City staff and the Niagara Regional Police Services are testing a pilot project over the next five months to determine if the current number of taxis are sufficient for students and other patrons on weekends
On January 8, the Niagara Regional Police Services announced that the city is launching a pilot project to determine if more taxis are needed to service students and other patrons on weekends in downtown St. Catharines.
Mayor Walter Sendzik is supporting the project and believes it will help make the downtown core a more attractive destination for residents and businesses alike.
“Offering additional taxi service during late night and weekends from the heart of our core is another step in improving the overall experience for people coming to our downtown,” said Sendzik.
“This pilot [project] is a great example of how the city is collaborating with Niagara Regional Police Services, local businesses, community groups and others with a vested interest in a revitalized downtown.”
City Council proposed the idea to “address late-night transportation and safety issues downtown” a statement read and was later approved by the Niagara Regional Police Services Board in December.
Sgt. Terry Thomson of the Niagara Regional Police Services’ by-law enforcement and licensing unit is the project lead and will spend the next five months assessing whether the downtown would benefit from an expanded taxi service.
Thomson’s unit is in charge of regulating taxi services in St. Catharines. They will be giving local taxis in St. Catharines temporary licenses to temporarily boost the number of taxis serving downtown for the duration of the project.
Jeff McGuire, Chief of the Niagara Regional Police, said the emphasis of the project is to make the downtown a safer environment, especially on weekends when students come to drink and party. The city believes a bigger taxi presence will help address this problem.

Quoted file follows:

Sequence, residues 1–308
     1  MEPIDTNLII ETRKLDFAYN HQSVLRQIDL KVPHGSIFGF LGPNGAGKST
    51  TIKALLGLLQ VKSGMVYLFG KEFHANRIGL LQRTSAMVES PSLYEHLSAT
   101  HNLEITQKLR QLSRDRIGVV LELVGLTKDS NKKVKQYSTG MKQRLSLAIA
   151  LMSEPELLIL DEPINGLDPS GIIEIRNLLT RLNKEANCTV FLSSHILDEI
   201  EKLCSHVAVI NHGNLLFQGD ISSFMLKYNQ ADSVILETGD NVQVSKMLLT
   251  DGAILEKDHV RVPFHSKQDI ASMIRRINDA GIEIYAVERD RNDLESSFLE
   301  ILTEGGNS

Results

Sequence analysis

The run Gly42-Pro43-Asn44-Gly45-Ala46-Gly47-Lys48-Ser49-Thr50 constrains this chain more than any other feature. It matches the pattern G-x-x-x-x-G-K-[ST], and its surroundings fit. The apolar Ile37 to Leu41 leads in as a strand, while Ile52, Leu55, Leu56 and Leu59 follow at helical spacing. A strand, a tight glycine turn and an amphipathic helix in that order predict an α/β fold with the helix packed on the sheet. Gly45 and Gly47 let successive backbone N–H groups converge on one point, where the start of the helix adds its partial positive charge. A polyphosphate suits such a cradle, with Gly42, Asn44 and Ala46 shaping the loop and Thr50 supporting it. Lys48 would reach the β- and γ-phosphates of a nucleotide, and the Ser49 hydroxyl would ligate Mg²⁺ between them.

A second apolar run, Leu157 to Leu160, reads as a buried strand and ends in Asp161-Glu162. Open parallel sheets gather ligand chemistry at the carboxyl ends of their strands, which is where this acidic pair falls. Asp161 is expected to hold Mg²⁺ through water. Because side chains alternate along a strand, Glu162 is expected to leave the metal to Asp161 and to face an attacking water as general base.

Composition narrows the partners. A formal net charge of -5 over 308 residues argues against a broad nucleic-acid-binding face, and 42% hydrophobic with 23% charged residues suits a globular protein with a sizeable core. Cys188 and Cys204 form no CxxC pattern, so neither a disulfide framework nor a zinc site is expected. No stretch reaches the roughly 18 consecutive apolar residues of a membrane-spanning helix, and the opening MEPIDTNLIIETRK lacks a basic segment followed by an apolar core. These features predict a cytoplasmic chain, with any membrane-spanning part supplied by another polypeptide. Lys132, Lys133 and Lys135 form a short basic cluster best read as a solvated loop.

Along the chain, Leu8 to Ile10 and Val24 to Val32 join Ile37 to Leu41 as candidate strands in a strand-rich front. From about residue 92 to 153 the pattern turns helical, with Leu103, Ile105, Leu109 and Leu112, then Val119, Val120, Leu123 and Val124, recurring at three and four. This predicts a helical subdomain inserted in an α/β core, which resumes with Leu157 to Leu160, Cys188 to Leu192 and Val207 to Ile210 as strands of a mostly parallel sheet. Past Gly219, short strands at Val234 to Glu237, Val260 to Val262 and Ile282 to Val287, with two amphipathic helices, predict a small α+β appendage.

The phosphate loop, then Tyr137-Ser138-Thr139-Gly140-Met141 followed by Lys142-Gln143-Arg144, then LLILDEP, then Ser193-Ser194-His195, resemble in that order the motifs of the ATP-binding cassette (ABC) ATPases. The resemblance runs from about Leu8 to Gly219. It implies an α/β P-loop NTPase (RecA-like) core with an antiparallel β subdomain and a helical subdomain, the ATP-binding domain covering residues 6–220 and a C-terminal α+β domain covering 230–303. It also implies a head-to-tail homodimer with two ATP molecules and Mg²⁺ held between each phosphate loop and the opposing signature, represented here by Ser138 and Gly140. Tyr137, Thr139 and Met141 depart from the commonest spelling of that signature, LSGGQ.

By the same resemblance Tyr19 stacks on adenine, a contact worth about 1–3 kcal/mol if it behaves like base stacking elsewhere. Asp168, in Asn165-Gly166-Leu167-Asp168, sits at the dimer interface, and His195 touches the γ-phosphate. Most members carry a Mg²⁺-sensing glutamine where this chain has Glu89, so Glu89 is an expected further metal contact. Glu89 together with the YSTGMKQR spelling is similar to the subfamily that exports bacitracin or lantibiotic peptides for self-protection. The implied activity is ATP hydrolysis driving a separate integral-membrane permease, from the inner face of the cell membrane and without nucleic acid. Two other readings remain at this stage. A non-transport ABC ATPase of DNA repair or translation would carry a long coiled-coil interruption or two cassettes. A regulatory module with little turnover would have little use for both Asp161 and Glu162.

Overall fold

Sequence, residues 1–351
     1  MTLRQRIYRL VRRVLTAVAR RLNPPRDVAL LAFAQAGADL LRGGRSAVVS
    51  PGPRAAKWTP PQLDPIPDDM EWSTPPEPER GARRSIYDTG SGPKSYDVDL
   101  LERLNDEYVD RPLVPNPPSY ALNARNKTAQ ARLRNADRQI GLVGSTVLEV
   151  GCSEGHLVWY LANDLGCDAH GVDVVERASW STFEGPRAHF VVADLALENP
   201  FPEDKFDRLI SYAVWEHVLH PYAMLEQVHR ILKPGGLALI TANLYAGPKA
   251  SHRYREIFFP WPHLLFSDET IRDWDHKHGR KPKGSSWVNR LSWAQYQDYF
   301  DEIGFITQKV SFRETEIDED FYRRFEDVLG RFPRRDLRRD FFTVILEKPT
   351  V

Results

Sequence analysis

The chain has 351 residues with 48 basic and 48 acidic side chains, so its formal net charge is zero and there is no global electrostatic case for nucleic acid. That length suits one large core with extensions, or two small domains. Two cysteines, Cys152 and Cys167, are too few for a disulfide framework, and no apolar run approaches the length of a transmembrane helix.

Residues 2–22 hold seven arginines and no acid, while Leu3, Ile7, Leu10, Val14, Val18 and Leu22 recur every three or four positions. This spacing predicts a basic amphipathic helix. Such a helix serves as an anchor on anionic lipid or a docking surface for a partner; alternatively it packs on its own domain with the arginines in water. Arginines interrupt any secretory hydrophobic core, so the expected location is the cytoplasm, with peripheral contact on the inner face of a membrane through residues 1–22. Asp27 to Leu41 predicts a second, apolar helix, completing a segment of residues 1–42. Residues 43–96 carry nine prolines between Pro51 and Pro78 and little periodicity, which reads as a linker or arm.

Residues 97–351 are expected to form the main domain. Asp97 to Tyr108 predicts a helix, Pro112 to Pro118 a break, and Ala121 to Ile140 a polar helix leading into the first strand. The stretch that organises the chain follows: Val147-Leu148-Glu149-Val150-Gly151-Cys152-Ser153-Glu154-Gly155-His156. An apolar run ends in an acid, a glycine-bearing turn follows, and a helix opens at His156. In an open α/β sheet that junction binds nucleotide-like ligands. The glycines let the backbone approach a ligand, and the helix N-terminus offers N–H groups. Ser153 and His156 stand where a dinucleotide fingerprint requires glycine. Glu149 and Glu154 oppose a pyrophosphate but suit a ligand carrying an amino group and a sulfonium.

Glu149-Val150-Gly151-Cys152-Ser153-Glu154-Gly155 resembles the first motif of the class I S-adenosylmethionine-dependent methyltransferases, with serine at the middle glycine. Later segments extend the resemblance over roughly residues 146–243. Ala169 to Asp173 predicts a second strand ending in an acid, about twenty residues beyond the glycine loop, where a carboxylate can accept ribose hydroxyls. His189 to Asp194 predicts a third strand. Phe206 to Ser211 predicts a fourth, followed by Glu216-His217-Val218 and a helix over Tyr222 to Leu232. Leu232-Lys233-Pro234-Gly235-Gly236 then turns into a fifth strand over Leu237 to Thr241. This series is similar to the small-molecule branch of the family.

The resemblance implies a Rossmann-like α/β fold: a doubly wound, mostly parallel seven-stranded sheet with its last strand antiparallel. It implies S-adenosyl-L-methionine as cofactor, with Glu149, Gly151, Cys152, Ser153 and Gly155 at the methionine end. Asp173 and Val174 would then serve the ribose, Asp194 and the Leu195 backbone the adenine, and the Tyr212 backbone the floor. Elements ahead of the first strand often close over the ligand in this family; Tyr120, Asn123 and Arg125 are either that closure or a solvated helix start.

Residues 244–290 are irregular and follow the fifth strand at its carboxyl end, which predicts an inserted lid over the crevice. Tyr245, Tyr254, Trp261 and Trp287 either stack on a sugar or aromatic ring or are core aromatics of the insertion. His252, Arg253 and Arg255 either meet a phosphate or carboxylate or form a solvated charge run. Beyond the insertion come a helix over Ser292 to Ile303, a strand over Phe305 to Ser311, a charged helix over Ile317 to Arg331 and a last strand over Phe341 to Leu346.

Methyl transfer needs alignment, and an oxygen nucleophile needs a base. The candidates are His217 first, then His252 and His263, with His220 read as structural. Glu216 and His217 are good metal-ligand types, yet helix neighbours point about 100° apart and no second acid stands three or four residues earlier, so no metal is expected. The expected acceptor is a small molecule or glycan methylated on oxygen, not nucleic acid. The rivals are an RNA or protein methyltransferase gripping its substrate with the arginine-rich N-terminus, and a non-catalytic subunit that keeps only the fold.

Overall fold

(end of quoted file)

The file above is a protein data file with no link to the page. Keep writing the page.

“It’s important to the Niagara Regional Police Service that people come to downtown St. Catharines and have fun and enjoy themselves safely,” said McGuire.
“We anticipate that this will help with the safe movement of those people. We will continue to work with the City of St. Catharines, businesses and local groups to try and find safe solutions to the challenge of getting the crowds home.”
Along with members of the Niagara Regional Police, City staff will also work with the NRPS Board, industry representatives from St. Catharines. The City has also created a task force to “monitor and report on the successes of initiatives meant to improve downtown after hours.”
“The Board shares the City’s commitment to transportation safety in the downtown entertainment district,” said Vaughn Stewart, the acting Board Chair. “
The Board and Niagara Regional Police Services’ Licensing Unit have an excellent relationship with the industry and look forward to working with the City and other community organizations to address this issue.”
Other efforts by the City to improve the safety of the downtown core have included improved street lighting and security cameras in select locations.